Thanks for this clear write-up. I will include this post in the content of Training For Good’s Impactful Policy Careers workshop. Are you open to 1-on-1s with EAs interested in this career path? Feel free to respond in a pm.
Great idea, at TFG we have similar thoughts and are currently researching if we should run it and the best way to run a program like this. Would love to get input from people on this.
Awesome topic! Curious to read book reviews from people that read it.
Great idea, at TFG we have similar thoughts and are currently researching the best way to run a program like this. Feel free to PM to provide input.
Hi Chris! We run this on a recurring base with Training For Good! We already had a few dozens of people on the program and we are currently measuring the impact.
Interesting thoughts, apart from the sections finm mentioned this one stood out to me as well:
status engineering—redirecting social status towards productive ends (for instance on Elon Musk making engineers high status)
I think this is something that the EA community is doing already and maybe could/should do even more. Many of my smartest (non EA) friends from college work in rent-seeking sectors / sectors that have neutral production value (not E2G). This seems to be an incredible waste of resources, since they could also work on the most pressing problems.
One interesting question could be: Are there tractable ways to do status engineering with the large group of talented non EAs? I think this could be worthwhile doing, because obviously not all incredibly smart people are part / want to be part of the EA community.
Thanks a lot, this looks like a great resource. This would add a lot of value I think: Properly evaluate existing policy ideas to identify and promote the set of high-quality ideas.
I would be really interesting to see how different experts within the EA community rank the ideas within the same category (e.g. AI) on certain criteria (e.g. impact, tractability, neglectedness, but there are probably better critera). Or enrich this data with the group that is probably most able to push for certain reforms (e.g. American civil servants, people that engage with party politics etc.).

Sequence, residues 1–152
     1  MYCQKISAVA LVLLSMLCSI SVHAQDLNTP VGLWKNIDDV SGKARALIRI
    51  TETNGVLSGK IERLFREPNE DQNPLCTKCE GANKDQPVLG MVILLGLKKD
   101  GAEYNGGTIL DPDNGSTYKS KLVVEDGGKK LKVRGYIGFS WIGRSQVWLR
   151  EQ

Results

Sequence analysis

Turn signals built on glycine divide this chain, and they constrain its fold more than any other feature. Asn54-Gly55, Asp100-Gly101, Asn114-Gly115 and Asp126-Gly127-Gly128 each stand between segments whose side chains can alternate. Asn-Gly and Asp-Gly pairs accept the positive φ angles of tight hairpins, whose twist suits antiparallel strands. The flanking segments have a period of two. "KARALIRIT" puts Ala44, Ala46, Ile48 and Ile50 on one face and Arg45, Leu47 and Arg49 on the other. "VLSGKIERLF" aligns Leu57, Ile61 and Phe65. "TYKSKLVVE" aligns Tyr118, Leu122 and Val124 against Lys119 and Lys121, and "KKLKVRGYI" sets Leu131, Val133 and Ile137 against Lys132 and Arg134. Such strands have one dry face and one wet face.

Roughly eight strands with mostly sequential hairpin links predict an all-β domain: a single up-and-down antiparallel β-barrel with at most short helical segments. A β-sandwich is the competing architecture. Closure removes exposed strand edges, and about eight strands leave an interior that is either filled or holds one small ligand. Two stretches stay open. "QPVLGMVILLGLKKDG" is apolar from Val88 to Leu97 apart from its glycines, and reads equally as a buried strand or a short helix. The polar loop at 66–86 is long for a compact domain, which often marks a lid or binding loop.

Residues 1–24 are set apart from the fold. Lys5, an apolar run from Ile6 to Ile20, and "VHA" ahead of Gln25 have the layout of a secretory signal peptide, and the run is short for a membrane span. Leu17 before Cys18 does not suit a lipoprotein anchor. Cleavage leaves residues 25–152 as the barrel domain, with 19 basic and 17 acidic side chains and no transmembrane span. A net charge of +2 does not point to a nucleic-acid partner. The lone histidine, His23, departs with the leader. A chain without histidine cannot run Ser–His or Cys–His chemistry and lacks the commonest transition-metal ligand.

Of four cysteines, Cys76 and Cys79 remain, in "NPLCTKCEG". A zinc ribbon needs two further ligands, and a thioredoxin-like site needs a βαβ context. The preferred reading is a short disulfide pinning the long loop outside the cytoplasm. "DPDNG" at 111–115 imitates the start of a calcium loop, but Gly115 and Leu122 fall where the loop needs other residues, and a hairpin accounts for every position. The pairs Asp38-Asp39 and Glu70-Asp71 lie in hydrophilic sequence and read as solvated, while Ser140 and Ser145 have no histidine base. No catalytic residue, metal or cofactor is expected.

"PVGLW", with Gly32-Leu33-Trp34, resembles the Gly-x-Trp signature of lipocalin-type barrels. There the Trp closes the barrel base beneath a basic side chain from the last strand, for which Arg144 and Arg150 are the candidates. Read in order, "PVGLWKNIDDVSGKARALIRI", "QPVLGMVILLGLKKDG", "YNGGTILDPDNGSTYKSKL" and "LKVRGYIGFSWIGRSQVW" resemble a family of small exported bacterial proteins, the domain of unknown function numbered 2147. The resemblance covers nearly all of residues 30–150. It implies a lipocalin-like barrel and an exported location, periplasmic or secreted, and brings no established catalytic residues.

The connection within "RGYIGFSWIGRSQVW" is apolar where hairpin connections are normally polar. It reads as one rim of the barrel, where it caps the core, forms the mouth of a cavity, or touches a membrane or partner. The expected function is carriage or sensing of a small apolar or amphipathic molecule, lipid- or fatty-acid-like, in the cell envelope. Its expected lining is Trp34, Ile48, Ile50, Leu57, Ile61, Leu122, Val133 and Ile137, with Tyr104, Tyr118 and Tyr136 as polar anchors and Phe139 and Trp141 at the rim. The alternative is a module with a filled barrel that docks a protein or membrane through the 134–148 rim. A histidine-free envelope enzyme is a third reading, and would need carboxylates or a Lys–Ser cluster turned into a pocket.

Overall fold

This would make the database actionable to the EA community and thereby even more valuable.
If you believe however that the EU becomes irrelevant at all (argument 5 against), all policy careers for EAs in mainland Europe become quite unappealing suddenly. This makes me think: if you believe the EU market and political environment favor AGI safety (argument 4 in favor), shouldn’t it be a priority for European EAs to keep the EU a relevant political force?
I think there is one argument I really want to back, but I also want to provide a different angle: “Growing the political capital of AGI-concerned people”
I think that even when you think there are substantial odds that the EU doesn’t play an important role in regulation of AGI, having political capital could still be useful for other (tech-related) topics. Quite often I think there is a “halo-effect” related to being perceived as an tech-expert in government. That means that if you are perceived as a tech expert in government because you know a lot about AI, people will also perceive you as an expert on other technologies (where the EU might be more relevant).
This is also one of the reasons that I advise people to work in AI/tech regulation, even when it’s not (solely) on the long term consequences of AI we care about, but e.g. on short term risks or even more on the side of economic stimulus of AI development. Often it will provide EAs with the political capital and credibility to deal with long term / x-risk relevant risks later on when there is an opportunity to switch roles.
Applied for OPP strategy role during Sumer 2021 and received no feedback in first and second test task round. Wasn’t disapointed, because it was well-compensated.
On a different note however: this is one of the largest advantages I see coming from an EA recruitment agency that would be able to give feedback to EA candidates. It feels like quite a miss I didn’t get it, since I have to do very similar work for my own organisation Training For Good. Maybe there is something really obvious I can improve on, but due to the lack of feedback I don’t know what.